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This is an image of the painting by Keith Rocco of Henry doing his Medal of Honor deed. The original is at the village hall in Tinley Park, Illinois.

Camp Commander:
Timothy Marcus

Rob Bailey

Meeting location:

VFW Post 2791

17147 Oak Park Ave

Tinley Park, IL

Meeting dates/time:

6 pm

2nd Thursday in JAN, MAR, MAY, JUL, SEP and NOV.

Private Henry M Hardenbergh Camp No. 39, 

Tinley Park, IL

Little is known of the young man from what is now Tinley Park who was a volunteer infantryman in the Civil War and earned his nation's highest award for valor: the Medal of Honor. According to the state muster records for the unit he was in, Company G of the 39th Illinois Veteran Volunteer Infantry, Henry M. Hardenbergh was born in Noble County, Indiana. When the Civil War started, he was living in the tiny Cook County town of New Bremen which later became Tinley Park.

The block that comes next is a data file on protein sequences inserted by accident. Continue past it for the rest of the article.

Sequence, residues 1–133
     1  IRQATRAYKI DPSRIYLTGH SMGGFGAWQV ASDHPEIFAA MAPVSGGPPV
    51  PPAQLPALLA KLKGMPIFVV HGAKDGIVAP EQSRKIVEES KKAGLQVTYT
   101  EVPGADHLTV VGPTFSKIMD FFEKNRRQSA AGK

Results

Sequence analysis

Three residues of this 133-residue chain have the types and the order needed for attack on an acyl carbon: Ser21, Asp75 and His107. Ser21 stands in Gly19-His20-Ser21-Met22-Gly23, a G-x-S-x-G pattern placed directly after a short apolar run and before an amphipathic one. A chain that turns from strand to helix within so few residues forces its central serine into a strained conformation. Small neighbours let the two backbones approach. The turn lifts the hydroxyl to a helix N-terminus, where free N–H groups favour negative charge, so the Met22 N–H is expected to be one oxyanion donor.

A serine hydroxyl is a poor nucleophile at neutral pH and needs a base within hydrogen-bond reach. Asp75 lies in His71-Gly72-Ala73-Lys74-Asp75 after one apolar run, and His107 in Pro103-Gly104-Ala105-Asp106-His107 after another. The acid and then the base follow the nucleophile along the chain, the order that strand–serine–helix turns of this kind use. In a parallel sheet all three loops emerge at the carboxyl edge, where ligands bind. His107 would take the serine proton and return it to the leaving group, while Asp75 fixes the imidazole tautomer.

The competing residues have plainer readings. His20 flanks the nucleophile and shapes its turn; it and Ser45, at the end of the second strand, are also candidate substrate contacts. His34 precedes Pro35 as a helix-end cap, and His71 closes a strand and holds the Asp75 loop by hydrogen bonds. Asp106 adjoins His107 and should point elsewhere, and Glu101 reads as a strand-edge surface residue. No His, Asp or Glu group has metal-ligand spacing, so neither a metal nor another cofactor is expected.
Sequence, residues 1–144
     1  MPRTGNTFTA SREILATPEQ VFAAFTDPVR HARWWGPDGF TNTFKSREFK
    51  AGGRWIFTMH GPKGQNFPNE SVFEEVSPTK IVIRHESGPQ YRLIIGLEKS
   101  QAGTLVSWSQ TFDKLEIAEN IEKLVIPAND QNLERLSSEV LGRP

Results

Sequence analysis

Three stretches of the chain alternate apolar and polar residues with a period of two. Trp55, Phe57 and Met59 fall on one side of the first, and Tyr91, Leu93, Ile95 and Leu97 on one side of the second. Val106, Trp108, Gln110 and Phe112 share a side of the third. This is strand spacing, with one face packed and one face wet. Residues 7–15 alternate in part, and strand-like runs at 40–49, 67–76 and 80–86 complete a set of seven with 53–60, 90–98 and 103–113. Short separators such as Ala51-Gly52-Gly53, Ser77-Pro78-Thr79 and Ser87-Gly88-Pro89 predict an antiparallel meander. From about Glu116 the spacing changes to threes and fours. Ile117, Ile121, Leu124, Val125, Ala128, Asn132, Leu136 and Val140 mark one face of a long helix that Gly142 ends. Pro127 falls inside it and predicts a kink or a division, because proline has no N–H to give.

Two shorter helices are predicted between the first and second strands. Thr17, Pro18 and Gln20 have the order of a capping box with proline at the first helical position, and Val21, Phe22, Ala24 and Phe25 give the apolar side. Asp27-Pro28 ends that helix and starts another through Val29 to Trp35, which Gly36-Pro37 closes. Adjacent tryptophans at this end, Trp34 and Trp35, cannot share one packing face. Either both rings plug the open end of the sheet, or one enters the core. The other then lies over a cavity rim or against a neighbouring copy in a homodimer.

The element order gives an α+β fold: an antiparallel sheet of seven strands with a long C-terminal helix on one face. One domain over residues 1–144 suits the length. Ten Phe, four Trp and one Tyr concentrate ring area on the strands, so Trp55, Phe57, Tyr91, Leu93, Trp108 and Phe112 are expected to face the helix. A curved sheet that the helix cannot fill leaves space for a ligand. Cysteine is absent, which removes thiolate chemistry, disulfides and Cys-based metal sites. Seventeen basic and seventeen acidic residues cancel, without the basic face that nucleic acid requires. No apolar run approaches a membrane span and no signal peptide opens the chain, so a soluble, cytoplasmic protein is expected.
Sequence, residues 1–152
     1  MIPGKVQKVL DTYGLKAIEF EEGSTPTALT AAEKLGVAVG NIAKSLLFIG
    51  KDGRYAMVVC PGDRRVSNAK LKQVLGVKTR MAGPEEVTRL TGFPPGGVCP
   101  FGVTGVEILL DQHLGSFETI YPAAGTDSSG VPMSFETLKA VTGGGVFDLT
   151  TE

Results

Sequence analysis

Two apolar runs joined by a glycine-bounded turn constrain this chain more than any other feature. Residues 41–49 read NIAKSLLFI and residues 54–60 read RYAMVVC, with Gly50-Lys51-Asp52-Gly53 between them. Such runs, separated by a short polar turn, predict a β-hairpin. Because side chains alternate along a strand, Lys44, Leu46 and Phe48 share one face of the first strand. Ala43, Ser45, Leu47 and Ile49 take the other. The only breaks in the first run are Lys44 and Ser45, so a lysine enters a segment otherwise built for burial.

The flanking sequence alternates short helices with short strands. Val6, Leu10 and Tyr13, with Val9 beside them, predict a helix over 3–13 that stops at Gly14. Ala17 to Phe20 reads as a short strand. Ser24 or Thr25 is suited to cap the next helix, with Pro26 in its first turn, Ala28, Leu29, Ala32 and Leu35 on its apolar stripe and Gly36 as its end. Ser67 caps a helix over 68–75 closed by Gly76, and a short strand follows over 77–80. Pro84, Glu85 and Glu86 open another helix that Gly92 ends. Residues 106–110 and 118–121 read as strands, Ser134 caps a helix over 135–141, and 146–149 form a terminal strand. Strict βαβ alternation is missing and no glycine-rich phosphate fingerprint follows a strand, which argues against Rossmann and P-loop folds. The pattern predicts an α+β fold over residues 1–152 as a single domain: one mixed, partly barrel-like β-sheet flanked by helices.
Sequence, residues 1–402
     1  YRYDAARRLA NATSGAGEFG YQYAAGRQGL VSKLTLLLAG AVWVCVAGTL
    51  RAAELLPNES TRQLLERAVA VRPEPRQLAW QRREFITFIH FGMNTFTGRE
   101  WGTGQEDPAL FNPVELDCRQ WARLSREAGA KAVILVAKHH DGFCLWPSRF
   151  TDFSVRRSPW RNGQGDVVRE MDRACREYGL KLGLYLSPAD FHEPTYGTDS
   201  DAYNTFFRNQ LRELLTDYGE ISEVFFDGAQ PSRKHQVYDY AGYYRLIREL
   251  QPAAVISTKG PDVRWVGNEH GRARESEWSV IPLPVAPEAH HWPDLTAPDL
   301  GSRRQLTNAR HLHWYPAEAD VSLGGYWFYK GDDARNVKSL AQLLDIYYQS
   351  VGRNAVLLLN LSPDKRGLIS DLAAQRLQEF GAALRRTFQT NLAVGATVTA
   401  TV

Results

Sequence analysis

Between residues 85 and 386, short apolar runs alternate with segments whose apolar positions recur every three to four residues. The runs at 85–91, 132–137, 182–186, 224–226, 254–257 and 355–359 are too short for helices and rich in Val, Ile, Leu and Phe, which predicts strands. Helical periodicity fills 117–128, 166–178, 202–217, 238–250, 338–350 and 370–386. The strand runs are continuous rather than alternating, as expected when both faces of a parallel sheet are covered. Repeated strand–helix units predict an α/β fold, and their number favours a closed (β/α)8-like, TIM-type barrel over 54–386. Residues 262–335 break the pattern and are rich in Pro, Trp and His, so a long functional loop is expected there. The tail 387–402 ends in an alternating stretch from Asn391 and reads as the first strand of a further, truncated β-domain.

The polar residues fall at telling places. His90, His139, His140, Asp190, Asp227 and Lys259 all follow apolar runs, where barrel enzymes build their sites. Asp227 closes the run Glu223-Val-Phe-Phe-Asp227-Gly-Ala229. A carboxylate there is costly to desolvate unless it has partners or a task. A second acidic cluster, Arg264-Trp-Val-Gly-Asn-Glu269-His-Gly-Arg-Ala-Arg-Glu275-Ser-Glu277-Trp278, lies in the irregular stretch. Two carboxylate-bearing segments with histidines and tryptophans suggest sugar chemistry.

On August 16, 1864 the 39th Illinois took part in a 200 yard charge on enemy entrenchments. Despite heavy fire, the rebel fortifications were reached and overwhelmed. Hardenbergh, carrying his regiment's flag, was shot in his shoulder. Another member of his regiment picked up the flag and carried it on, but Hardenbergh kept going on to the enemy earthworks. There Hardenbergh had a hand-to-hand struggle with the color bearer of the 10th Alabama Infantry whom he left mortally wounded and whose flag he took, according to a written account by Captain Homer Plimpton of Company G. All this happened in the first minutes of what would ultimately come to be known as the Second Battle of Deep Bottom. The fight would last for three hours with the Confederates ultimately beating back the Federals. 

Flag captures were considered a special high honor during the Civil War, Hardenbergh presented the rebel flag to his corps commander, Major General David Birney. His heroism resulted in a recommendation for a Medal of Honor. Hardenbergh's gallant conduct also earned him a recommendation for an officer's commission in a U.S. Colored Regiment. "He has been in my company over three years and I have always found him to be a faithful and brave soldier and one who could be trusted in any place and under all circumstances," wrote Lieutenant James M. Harrington of Company G. 


But on August 28, before receiving his first lieutenant's commission in the 36th U.S. Colored Troops, Hardenbergh was killed while on picket duty. Hardenbergh's Medal of Honor was awarded posthumously on April 6, 1865.

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